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College tuition costs have been on the rise, with tuition and fees at four-year institutions climbing from roughly $5,000 a year in 1980-81 to more than $16,000 a year in 2020-21, according to National Center for Education Statistics data. Record inflation coupled with a reduction in government aid is forcing institutions to raise everything from tuition and fees to room and board to keep up with costs. However, there are still a few ways college students can successfully navigate rising prices.
- The average cost of tuition and fees for the 2021-22 academic year at public four-year colleges was $10,740 for in-state students and $27,560 for out-of-state students.
- The average cost of tuition and fees for the 2021-22 academic year at private nonprofit four-year colleges was $38,070.
- The average annual rate of college tuition inflation is 8 percent.
- During the COVID-19 pandemic, tuition inflation slowed down to one of the lowest levels in three decades. In 2020-21, tuition prices for in-state students at public four-year colleges increased by 1.1 percent, while tuition prices at private four-year colleges increased by 2.1 percent.
- The cost of public universities in the U.S. has nearly tripled since 1980.
- As a nation, the U.S. collectively owes roughly $1.75 trillion in student loan debt.
- During the 2020-21 academic year, undergraduate students took out an average of $6,470 in federal student loans.
- College enrollment has been steadily declining over the last decade. In spring 2022 alone, undergraduate enrollment dropped by 4.7 percent — or more than 600,000 students — from spring 2021.
College tuition inflation over the years
National Center for Education Statistics data shows that from 1980-81 to 2020-21, the cost of attending a four-year college in the U.S. has ballooned from $10,631 a year to $29,033 a year — representing a 173 percent increase in the last 40 years. That cost includes tuition and fees, plus room and board, adjusted for inflation.
Although both public and private colleges have experienced a substantial increase in cost over time, attending a public school is still much more affordable than attending a private one. On average, it costs undergraduate students 54 percent less to attend a four-year public college than a four-year private school.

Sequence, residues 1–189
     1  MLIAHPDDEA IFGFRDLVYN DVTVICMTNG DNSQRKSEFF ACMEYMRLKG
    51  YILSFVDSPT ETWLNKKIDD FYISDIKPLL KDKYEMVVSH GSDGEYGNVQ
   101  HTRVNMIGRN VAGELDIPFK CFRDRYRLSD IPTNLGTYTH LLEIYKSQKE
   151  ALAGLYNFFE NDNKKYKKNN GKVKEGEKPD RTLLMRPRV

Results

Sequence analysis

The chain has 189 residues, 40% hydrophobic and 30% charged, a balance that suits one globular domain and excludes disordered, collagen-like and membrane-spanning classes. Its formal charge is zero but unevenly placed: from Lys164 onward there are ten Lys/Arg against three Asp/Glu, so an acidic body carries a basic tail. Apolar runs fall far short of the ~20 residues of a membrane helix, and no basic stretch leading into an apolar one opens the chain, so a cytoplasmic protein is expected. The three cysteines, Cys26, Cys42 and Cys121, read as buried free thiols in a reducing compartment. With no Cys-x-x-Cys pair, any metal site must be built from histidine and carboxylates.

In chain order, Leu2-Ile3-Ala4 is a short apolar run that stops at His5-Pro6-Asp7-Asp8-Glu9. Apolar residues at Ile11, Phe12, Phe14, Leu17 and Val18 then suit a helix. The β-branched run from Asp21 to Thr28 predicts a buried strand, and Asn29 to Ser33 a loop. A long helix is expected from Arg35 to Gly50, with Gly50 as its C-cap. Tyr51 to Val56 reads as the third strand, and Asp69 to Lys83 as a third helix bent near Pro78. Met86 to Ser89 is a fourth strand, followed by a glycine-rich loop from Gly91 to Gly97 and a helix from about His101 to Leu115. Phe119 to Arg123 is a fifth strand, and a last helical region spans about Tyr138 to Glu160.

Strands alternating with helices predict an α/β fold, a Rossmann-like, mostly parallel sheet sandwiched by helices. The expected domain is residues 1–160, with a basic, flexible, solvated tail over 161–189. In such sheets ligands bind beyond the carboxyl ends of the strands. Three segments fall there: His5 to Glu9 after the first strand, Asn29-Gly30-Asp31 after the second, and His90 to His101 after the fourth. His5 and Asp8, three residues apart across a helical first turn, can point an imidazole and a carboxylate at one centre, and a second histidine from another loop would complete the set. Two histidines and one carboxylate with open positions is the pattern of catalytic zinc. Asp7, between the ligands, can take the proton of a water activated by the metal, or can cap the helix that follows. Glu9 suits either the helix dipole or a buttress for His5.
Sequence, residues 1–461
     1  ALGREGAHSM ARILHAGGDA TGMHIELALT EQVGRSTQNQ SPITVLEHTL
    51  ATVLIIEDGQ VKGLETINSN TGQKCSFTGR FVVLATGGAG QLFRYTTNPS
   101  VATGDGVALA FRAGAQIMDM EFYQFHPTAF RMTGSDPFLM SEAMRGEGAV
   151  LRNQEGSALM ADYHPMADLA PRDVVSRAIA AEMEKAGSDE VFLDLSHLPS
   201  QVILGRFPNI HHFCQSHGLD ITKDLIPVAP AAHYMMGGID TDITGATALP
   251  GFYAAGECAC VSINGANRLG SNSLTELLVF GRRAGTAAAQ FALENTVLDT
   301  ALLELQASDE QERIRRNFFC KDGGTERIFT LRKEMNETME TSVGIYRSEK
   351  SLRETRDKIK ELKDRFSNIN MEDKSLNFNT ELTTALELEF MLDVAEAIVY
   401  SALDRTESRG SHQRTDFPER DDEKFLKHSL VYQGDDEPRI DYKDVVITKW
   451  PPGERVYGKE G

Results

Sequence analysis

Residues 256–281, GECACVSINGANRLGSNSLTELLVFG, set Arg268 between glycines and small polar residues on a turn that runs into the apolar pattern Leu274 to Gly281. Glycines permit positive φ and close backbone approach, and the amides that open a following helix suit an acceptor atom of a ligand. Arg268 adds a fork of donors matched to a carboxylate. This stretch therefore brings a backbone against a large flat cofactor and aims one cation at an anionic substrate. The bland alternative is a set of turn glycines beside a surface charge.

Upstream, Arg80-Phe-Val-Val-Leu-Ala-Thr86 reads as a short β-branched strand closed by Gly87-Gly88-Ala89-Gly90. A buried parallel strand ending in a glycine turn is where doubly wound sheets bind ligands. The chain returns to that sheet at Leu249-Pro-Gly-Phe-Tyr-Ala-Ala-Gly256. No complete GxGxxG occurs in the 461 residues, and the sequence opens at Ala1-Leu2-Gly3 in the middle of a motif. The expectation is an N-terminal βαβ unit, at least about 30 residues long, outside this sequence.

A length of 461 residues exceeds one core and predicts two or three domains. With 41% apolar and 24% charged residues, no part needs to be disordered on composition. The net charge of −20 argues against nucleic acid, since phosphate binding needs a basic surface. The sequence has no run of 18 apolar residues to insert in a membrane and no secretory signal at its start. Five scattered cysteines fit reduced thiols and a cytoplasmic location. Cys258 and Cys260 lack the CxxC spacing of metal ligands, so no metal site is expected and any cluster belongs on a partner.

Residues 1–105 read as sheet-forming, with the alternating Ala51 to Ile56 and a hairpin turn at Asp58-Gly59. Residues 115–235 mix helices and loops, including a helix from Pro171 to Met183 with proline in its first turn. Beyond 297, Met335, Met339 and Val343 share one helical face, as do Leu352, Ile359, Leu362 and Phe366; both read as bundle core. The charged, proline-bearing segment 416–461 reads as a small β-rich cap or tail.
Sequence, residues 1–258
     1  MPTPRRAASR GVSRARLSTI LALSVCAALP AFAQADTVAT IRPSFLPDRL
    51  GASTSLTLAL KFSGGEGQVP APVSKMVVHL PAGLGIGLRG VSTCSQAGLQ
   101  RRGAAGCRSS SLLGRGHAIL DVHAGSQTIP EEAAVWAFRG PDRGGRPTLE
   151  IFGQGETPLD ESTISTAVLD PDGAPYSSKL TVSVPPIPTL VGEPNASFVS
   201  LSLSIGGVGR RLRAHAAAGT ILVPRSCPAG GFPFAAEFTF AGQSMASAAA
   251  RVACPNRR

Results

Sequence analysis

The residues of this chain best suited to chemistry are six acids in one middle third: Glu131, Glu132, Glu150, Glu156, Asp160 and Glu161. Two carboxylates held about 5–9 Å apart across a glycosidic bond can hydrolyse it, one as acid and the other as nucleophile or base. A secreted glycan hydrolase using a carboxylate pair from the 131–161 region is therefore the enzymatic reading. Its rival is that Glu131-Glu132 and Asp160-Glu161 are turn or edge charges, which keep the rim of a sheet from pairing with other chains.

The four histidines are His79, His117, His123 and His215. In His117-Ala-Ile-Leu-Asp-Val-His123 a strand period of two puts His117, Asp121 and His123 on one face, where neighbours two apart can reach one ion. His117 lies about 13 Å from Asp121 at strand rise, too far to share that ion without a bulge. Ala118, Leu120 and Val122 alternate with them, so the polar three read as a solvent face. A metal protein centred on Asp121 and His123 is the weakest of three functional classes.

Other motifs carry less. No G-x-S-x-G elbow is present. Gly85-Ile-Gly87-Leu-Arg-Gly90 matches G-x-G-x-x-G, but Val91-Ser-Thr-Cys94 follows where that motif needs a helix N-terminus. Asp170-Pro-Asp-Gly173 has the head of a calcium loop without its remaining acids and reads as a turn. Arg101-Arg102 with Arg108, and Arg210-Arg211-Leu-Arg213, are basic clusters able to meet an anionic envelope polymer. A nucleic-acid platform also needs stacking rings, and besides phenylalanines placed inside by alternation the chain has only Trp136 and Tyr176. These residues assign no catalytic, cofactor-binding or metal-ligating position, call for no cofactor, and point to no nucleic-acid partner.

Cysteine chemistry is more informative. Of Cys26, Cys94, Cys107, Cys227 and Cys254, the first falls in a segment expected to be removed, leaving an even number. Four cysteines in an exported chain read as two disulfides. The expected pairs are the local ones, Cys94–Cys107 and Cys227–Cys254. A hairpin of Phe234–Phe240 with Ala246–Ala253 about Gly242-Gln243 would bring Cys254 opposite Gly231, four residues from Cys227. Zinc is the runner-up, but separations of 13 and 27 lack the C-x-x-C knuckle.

College tuition inflation by state
The cost of college varies not only by the type of institution you attend (public versus private), but also by state. For example, College Board data shows that over the last five years, tuition inflation has risen by 13 percent in North Dakota, while college tuition in Florida has decreased by 11 percent.
The states with the highest college tuition inflation over the last five years, as well as those where college tuition has decreased the most over the years, are as follows:
|Average in-state tuition and fees||Percentage change of in-state tuition and fees over five years|
Source: College Board
College tuition inflation by school
Besides the type of college and state where the school is located, tuition inflation also varies by school. At the University of Wisconsin, Madison, in-state tuition and fees have increased by only 3 percent over the last 10 years. At Syracuse, tuition and fees have increased by almost 50 percent.
|College||2012-13 undergraduate tuition and fees||2021-22 undergraduate tuition and fees||Percentage increase|
|University of California-Berkeley||$12,874||$14,226||11%|
|University of Kansas||$8,888||$11,166||26%|
|University of Wisconsin-Madison||$10,378||$10,720||3%|
Source: College Tuition Compare
Why is college so expensive?
There are several reasons why college costs are rising, including high inflation and an overall increase in the cost of living. However, these are not the only contributing factors.
“One of the more headline-grabbing reasons that many experts cite for college tuition inflation being higher than ‘average’ inflation is that institutions are offering more and more amenities, modern housing, state-of-the-art facilities and staff to increase the student experience,” says Derek Brainard, national director of financial education at AccessLex Institute.
However, Brainard admits that although more services and better amenities are key drivers of college costs, they don’t tell the whole story either. For instance, over the last decade, enrollment at postsecondary institutions has been dropping consistently. Fewer students mixed with rising costs means a higher cost per head.